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walleye, walleyes, jigging, jig, jigs
Right time to jig
by Rick Olson

Right time to jig. Thereís a right time for just about everything, and if youíre a jig fisherman, the time is now. If youíre not  a jig fisherman, you should be. Jigs are one of the most deadly, and versatile, tools available to todayís walleye angler. Jigs can be cast, drug, swum, and even trolled. The key is knowing when and where to use the appropriate technique. As walleyes react to the cooking effects of fall, their metabolism starts to slow down. Their activity level 
can vary greatly, as they adjust to a changing environment. Early fall walleyes can be extremely active, and may be willing to react to a quicker presentation. Late fall walleyes, on the other hand, shift into a much slower gear. That doesnít mean they give up eating , as they continue to feed heavily right up to ice-up, itís just that they become less apt to chase down a fast moving bait. Instead, they may be more likely to inhale something that slowly undulates, and lifts and drops right in front of their noses. One of the better presentations for early fall walleyes is a technique called snap jigging. . Itís particularly effective when walleyes are spread out over shallow flats, which happens to be a consistent early fall pattern. Snap jigging allows you to cover a lot of water in the course of a day, and is in sharp contrast to conventional jigging which can be painstakingly slow. 
Rick Olsen releasing a jigged up walleye

Rick Olsen releasing another walleye which came by the way of snap jigging

Snap jigging involves a slow troll, or drift, and a long lined jig that is snapped, and allowed to settle back to the bottom. The key is to make sure the bait is getting back to the bottom, after the snap. To be sure, youíll have to watch your line on the surface of the water as it pulls back toward the bait. As the jig hits the bottom, youíll the see the line twitch and stop. After it hits the bottom, itís time to make another snap, and so on, and so on. If youíre not getting to the bottom, you may be moving too fast, or using too small a jig. Jig size can range from a 1/8, to even a 1/2 ounce, depending on the conditions. Jigs should be tipped with live bait, like a small minnow. One of the top fall jigging baits is a smaller golden shiner, which can produce plenty of flash when itís snapped. Fatheads and small chubs can also be effective, but the shiner is tops on the list. Larger minnows produce too much drag, and are too slow to drop back to the bottom. Good snap jigging rods have stiffer tips, which will give you more snap, and less pull, when you pop it forward. Another key is using a low stretch line, like Rapalaís Tough Fishing Line. When you have a lot of line out, stretch becomes more of a factor, and a low stretch line delivers more of your snap back to the bait.As the season progresses and water temps cool off, snap jigging starts to lose itís appeal and traditional jigging becomes much more effective. Traditional jigging, like hovering over the fish and lifting and dropping a jig tipped with a minnow becomes deadly. The technique is called vertical jigging, and is the quickest ( and probably the most fun ), way to put fish in the boat. Itís fun because itís all feel, and a good touch can mean more fish in the boat. The technique starts with a jig thatís big enough to stay in contact with the bottom, as you troll along ever so slowly, and walk your bait across the bottom. That means using jigs in the 1/8 oz. range, to even a full ounce, which seems like an awful lot of lead, but donít let that bother you. In most situations, smaller is usually better, but not now. Now, a bigger jig can be a real advantage, as it will let you stay with the bottom, and give you an idea of itís content. With a bigger jig, you get a more pronounced thump as it hits the bottom, and you can actually feel if youíre over rock, sand, or soft bottom. Itís also a great technique for getting comfortable with your electronics, and will help you to understand what your depth finder has been trying to show you. Achieving maximum feel starts with the right equipment, and includes spinning combinations in the six to six and a half foot range, loaded with six to eight pound test. Good vertical jigging rods have medium action rod tips, rather than softer, light action tips. Light action tips are too soft to get the same feeling delivered by a stiffer tip. Longer rods are too much too hang onto, and can cause undue fatigue over the course of the day. Light line, like eight to even six pound test, will let your jig drop quicker than with heavier line. In most cases, vertical jigging is done in areas where you have little to hang up in, and big fish can be fought with lighter line. A presence of snags, like sunken trees and trees and brush, might demand heavier line, like eight to ten pound test. Eight pound test is surprisingly strong, especially if itís fresh, and you use good knots.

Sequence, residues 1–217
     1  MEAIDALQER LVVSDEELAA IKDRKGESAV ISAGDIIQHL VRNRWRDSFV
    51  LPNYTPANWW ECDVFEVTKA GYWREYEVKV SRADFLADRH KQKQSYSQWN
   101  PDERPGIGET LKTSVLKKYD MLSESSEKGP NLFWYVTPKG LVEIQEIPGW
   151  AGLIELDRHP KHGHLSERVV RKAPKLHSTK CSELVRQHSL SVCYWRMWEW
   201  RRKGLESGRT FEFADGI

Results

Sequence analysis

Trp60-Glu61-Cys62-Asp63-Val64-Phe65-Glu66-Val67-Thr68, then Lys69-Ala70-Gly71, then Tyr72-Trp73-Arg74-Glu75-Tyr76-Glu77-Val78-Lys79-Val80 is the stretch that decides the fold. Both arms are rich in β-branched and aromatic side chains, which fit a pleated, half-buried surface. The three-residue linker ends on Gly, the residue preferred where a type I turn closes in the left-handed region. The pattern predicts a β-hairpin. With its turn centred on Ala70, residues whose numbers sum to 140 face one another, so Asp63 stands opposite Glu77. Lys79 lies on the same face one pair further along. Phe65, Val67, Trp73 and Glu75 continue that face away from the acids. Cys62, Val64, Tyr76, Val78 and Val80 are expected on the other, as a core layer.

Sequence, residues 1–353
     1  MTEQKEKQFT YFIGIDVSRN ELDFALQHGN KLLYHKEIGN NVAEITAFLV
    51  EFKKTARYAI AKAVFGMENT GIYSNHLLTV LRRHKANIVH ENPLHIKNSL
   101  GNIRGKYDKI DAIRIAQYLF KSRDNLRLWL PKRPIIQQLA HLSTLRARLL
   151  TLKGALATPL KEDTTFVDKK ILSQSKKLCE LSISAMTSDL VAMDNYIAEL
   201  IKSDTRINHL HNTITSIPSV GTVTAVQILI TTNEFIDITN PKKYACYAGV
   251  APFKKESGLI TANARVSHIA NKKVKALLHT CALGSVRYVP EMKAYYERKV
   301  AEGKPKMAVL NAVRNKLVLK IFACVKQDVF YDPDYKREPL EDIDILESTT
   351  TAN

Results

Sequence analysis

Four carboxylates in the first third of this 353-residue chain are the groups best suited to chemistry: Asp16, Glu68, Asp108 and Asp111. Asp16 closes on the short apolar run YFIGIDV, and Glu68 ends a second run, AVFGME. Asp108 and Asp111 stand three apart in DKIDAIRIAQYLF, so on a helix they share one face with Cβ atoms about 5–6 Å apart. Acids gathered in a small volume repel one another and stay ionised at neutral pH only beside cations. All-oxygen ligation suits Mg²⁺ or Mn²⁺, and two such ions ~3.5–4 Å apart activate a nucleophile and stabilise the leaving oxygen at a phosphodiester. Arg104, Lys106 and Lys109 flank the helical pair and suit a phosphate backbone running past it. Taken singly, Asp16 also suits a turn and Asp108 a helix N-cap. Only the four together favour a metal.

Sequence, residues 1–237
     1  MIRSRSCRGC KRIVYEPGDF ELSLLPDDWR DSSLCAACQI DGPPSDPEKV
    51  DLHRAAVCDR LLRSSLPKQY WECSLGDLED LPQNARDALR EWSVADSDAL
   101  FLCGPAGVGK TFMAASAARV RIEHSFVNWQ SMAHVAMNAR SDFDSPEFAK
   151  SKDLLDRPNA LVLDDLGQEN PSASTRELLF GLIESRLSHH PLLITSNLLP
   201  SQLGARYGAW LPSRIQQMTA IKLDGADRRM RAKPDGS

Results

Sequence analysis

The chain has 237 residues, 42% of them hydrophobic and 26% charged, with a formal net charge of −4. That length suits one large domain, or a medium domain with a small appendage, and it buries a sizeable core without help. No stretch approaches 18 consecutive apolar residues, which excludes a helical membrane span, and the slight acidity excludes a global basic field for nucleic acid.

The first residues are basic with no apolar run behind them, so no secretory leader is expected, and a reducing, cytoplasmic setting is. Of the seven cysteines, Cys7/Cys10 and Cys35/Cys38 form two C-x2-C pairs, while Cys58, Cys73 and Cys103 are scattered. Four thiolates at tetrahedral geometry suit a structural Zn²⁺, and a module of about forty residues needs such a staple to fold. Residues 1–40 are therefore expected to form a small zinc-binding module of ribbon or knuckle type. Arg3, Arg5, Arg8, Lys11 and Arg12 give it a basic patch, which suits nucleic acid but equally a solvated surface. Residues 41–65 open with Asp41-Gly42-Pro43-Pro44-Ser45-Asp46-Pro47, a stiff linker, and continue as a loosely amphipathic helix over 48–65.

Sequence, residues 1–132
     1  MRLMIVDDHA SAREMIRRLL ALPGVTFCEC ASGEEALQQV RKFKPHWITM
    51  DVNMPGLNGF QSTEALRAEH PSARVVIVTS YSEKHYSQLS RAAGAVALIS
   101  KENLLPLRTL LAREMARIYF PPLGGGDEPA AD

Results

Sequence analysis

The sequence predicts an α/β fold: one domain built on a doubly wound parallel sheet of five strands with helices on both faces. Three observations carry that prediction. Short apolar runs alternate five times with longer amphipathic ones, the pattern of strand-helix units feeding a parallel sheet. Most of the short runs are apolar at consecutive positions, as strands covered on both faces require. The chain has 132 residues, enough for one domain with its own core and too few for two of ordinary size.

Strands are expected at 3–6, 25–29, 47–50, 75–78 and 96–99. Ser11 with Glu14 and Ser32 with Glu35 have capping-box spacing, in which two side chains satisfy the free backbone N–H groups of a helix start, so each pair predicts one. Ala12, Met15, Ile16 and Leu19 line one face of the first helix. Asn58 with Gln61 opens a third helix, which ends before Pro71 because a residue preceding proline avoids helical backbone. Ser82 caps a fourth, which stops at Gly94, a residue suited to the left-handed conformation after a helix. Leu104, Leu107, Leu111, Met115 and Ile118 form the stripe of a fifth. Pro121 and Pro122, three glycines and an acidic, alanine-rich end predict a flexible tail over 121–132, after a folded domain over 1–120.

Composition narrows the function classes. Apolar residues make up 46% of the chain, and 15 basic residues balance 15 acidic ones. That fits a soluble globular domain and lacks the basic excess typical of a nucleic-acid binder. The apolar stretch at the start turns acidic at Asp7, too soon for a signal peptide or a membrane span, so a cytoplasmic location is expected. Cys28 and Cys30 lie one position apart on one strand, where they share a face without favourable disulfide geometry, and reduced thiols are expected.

Vertical jigging is a deadly ď catching methodĒ, but is not the way to locate fish. Instead, youíre better off doing some investigative work with your electronics, and keeping your jig in the boat until you mark a few fish. The key to late fall walleye success, is making the adjustments necessary to keep old marble eyes interested in what you have to offer. The thing to remember is the fact that their world is cooling off, and slowing down. By giving them what they want, where they want it, fantastic catches can and will be made. 
For those willing to endure some cooler air temperatures, and a numb finger or two, the best is yet to come.

Rick Olson 






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